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Deletion of Hepatocellular eNOS Impairs Exercise-Induced Improvements in Hepatic Mitochondrial Function


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Deletion of hepatocellular eNOS impairs exercise-induced improvements in hepatic mitochondrial function

Rory P. Cunningham1,3, Mary P. Moore1,3, Grace M. Meers1, 3, Vivien Jepkemoi1, R. Scott Rector1,2,3

1Research Service, Harry S Truman Memorial Veterans Medical Center, Columbia, Missouri 65212, USA; 2Departments of Medicine-Division of Gastroenterology and Hepatology, 3Nutrition and Exercise Physiology, University of Missouri, Columbia, MO 65211, USA;

Introduction: The mechanisms responsible for exercise-induced improvements in hepatic mitochondrial function remain unresolved. One potential mediator of these beneficial changes may be hepatocellular endothelial nitric oxide synthase (eNOS). Here, we examine whether hepatocellular eNOS is required for the exercise-induced improvements in the liver.

Methods: At 10 weeks of age, eNOS floxed (eNOSfl/fl) and hepatic-specific eNOS knockout (eNOShep-/-) mice were given access to voluntary running wheels (VWR) or kept sedentary (SED), and fed a control diet (10% fat) for 10 weeks (n = 9-14/grp).

Results: Body weight, body fat, and food intake did not differ between eNOSfl/fl and eNOShep-/- mice, while VWR reduced body fat % and increased food intake, compared to SED (p<0.05), regardless of genotype. There was no difference in average daily distance ran between eNOSfl/fl and eNOShep-/- mice (6.38 km vs 6.31 km/d). eNOShep-/- mice had lower complete and total 1-14C-palmitate oxidation compared to eNOSfl/fl mice (main effect for genotype, p=0.03), as well as reduced state 3-complex I+II hepatic mitochondrial respiration (main effect for genotype, p=0.03). In addition, VWR significantly increased complete 1-14C-palmitate oxidation to CO2 (81%) and total 1-14C-palmitate oxidation (17%) vs SED in eNOSfl/fl mice (p<0.05); however, this VWR-induced increase in palmitate oxidation was completely absent in VWR-eNOShep-/- mice vs SED-eNOShep-/-.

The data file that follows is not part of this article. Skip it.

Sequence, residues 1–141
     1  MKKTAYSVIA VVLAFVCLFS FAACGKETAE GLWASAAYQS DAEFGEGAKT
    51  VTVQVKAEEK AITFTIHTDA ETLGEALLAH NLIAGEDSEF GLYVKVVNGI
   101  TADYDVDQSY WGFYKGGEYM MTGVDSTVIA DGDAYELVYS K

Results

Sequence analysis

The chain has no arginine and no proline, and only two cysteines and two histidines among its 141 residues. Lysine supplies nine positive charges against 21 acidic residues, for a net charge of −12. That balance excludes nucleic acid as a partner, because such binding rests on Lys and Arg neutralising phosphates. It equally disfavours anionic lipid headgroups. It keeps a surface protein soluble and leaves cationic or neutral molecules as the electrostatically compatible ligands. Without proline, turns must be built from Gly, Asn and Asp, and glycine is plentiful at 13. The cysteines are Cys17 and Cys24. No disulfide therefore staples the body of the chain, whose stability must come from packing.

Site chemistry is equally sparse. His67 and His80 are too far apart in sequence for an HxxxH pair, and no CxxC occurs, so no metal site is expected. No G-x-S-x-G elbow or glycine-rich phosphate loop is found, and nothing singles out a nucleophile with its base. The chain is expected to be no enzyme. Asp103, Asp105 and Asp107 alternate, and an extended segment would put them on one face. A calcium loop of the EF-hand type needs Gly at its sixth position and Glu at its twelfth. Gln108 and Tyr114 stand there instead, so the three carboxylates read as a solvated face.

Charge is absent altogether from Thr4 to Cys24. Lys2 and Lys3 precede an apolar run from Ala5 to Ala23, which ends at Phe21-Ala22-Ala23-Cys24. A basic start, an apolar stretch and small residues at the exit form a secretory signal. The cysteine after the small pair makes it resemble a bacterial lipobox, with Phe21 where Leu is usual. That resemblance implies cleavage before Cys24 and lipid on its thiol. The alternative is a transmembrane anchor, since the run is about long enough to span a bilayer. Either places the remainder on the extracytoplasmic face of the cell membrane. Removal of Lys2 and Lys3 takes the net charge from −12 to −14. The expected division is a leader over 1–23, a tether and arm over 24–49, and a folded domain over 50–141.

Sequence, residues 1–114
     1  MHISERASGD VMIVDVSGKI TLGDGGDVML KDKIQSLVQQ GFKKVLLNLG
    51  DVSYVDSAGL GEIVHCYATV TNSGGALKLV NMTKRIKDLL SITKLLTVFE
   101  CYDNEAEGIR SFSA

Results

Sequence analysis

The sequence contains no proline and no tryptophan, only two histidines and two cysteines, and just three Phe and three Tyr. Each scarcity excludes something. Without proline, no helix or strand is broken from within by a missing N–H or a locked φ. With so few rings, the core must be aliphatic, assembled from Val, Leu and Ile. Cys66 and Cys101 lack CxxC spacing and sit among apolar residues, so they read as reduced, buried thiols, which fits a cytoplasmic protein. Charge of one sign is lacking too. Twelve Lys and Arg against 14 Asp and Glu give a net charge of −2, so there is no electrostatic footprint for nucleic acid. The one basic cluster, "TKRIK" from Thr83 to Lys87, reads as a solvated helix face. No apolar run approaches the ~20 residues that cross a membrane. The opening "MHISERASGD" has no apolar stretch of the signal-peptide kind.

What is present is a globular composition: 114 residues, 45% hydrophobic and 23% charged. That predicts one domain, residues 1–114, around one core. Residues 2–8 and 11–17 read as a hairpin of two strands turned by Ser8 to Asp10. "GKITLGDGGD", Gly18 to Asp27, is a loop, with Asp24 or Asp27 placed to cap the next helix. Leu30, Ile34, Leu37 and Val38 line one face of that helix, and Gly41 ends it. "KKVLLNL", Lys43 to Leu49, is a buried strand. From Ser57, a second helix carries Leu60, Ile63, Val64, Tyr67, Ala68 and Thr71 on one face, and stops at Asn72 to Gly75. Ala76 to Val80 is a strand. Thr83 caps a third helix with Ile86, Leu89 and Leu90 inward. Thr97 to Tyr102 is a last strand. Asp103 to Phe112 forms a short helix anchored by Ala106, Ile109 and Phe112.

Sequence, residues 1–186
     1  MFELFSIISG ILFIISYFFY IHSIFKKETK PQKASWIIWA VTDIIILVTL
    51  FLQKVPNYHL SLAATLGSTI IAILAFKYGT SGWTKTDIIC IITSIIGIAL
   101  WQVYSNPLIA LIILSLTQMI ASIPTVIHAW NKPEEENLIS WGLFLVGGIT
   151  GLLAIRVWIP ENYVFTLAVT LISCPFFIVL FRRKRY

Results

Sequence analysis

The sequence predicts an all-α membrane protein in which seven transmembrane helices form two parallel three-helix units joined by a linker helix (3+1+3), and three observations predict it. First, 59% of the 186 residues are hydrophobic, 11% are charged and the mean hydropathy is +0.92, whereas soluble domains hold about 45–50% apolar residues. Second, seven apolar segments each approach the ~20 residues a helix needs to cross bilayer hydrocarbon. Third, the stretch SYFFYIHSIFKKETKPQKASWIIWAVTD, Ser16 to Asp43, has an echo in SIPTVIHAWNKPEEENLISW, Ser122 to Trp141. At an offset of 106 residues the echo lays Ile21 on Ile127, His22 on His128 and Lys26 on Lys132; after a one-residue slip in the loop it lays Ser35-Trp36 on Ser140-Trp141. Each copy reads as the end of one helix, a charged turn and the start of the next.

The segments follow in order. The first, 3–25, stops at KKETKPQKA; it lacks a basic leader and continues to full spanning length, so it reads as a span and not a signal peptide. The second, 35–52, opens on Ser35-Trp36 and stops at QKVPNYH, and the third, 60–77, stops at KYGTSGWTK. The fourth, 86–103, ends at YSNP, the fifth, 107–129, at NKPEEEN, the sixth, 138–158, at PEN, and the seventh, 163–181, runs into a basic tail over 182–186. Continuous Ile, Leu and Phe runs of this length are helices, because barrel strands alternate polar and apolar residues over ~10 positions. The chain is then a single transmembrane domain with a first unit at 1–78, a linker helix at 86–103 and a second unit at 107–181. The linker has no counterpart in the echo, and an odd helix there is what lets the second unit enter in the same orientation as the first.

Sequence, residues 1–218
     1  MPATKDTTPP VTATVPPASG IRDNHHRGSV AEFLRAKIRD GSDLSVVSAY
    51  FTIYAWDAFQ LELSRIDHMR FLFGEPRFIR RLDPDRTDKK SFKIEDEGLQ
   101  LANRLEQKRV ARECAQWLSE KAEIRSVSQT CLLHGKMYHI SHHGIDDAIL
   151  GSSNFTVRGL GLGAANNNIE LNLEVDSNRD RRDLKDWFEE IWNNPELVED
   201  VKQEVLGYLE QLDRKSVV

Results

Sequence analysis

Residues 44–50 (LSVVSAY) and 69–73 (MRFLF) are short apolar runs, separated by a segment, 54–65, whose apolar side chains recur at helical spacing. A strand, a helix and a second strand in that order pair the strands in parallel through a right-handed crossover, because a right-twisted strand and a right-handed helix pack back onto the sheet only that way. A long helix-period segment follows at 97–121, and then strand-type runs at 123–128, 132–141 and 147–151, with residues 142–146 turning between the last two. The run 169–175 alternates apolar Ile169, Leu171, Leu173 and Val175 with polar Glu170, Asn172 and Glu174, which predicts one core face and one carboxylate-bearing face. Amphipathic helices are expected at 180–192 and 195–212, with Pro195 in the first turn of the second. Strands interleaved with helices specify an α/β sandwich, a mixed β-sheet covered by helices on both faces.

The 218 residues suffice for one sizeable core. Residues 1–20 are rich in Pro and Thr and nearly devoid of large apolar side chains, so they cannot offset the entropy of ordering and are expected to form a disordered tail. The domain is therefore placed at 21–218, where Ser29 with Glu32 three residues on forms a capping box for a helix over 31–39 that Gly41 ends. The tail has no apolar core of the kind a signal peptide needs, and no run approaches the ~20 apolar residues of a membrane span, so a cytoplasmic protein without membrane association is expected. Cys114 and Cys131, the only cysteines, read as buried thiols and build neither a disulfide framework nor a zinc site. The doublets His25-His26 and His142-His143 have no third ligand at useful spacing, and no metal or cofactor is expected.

Conclusion: Here we demonstrate for the first time that hepatocellular eNOS may be required for the exercise-induced adaptations to hepatic mitochondrial function. Further studies are necessary to determine the mechanisms by which deletion of eNOS regulates hepatic mitochondrial adaptations to exercise. Support: VA Merit Grant I01BX003271-03 (R.S.R.)


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